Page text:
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Australia / International: El Nino threat looms after dry start to 2018 in NSW

Parts of western NSW just had their driest first half of a year on record, with the prospect of El Nino still looming in the months ahead.

Most of western NSW received less than half of its average rainfall during the first half of 2018 and every month since January has been drier than usual for the state as a whole.

While the dry spell is affecting all inland districts across the state, some of the most notable rainfall deficiencies during the last six months have occurred in the far west.

Broken Hill collected just 18.2mm of rain during the last six months, which makes this their driest first half of a year in records dating back to the late 1800’s.

Further east, Cobar hasn’t fared much better. The Cobar Meteorological Office’s 24.4mm during the first half of 2018 was the town’s lowest January to June total since 1902 and the second lowest on record.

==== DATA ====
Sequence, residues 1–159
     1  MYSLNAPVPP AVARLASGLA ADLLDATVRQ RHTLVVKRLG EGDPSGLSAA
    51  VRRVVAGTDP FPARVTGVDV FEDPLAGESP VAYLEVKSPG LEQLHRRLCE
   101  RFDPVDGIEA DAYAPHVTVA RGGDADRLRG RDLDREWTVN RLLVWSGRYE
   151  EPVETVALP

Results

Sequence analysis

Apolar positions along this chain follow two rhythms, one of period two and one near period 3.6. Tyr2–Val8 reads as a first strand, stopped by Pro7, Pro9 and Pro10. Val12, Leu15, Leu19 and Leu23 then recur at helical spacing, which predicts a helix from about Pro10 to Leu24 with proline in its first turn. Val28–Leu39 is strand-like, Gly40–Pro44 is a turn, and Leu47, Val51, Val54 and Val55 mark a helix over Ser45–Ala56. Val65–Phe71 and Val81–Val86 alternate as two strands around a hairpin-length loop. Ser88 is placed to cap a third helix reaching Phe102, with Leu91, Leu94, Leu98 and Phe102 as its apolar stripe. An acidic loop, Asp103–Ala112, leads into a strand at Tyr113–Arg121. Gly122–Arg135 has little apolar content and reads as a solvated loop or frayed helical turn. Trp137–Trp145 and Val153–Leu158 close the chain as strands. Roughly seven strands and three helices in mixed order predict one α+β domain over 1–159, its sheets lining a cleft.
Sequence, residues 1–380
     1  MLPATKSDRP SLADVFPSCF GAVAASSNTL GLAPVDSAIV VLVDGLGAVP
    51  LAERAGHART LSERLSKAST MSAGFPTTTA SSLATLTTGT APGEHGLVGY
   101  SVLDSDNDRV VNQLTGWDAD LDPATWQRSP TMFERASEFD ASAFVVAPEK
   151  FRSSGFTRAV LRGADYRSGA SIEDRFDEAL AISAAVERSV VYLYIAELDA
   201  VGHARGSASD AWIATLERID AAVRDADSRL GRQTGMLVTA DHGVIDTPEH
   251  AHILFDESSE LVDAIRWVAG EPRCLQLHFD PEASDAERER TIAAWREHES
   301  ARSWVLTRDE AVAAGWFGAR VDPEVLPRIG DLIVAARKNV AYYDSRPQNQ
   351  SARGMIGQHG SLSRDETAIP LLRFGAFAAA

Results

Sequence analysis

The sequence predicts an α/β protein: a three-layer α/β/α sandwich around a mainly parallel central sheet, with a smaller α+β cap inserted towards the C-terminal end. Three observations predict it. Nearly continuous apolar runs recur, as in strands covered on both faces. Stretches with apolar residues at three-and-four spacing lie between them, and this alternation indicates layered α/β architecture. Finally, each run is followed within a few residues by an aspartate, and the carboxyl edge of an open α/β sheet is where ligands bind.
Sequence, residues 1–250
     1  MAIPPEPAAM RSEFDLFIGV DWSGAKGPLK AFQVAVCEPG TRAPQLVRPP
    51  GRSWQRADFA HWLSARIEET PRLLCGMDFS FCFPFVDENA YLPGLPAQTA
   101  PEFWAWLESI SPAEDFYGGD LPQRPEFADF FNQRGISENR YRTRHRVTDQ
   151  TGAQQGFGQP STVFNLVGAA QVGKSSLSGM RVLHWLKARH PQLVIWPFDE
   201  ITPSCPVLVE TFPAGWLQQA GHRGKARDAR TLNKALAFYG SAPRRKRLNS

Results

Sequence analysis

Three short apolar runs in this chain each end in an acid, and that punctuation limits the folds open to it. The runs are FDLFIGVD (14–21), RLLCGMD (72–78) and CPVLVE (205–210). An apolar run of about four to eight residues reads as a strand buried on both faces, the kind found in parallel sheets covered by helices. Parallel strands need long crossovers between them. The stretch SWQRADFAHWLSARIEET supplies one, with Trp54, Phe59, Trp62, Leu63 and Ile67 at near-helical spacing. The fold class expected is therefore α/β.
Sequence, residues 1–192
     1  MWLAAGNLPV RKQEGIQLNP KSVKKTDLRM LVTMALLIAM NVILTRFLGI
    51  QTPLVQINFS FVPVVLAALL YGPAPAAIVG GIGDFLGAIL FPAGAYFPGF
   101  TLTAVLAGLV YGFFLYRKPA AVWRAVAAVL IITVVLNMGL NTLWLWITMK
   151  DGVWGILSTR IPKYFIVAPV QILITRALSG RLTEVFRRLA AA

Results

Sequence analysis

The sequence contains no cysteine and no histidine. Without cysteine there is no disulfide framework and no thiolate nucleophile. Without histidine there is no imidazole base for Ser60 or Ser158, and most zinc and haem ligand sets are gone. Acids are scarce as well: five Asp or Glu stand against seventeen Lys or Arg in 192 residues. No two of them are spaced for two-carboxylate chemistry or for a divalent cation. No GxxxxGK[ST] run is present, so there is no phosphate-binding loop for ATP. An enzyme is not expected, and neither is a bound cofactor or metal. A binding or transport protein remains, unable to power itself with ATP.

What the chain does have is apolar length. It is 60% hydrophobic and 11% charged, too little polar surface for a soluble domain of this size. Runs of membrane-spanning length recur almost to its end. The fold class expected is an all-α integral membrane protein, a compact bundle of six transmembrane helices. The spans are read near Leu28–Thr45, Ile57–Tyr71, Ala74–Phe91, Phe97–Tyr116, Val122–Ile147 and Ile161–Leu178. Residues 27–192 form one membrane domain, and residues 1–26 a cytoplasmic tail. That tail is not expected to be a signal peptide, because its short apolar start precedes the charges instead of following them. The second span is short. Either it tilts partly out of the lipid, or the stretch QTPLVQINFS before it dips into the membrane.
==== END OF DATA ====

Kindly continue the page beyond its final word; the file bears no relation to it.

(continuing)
The lack of rain across inland NSW during the first half of 2018 occurred in the absence of El Nino, which is a Pacific Ocean climate driver that can cause below average rainfall in eastern Australia. Unfortunately, there is a chance that El Nino will develop during the second half of 2018.

The Bureau of Meteorology’s latest outlook regarding El Nino and La Nina was release this week. It shows that five out of eight computer models predict that El Nino thresholds could be reached or exceeded during the upcoming spring.

El Nino has its greatest effect on rainfall in eastern Australia during winter and spring, with less of an influence during summer.

Another important climate driver to consider during such a prolonged dry spell is the Indian Ocean Dipole (IOD), which is an index measuring sea surface temperature anomalies in two regions of the Indian Ocean.

A positive phase of the IOD can cause below average rainfall and above average temperatures in NSW during winter and spring, while the opposite is true for the negative IOD phase.

Currently, all six of the climate models surveyed by the bureau indicate that neutral IOD conditions should persist during the rest of winter and spring. A neutral IOD causes little change to Australia’s climate.

– Image / NOAA

– Story by Ben Domensino,


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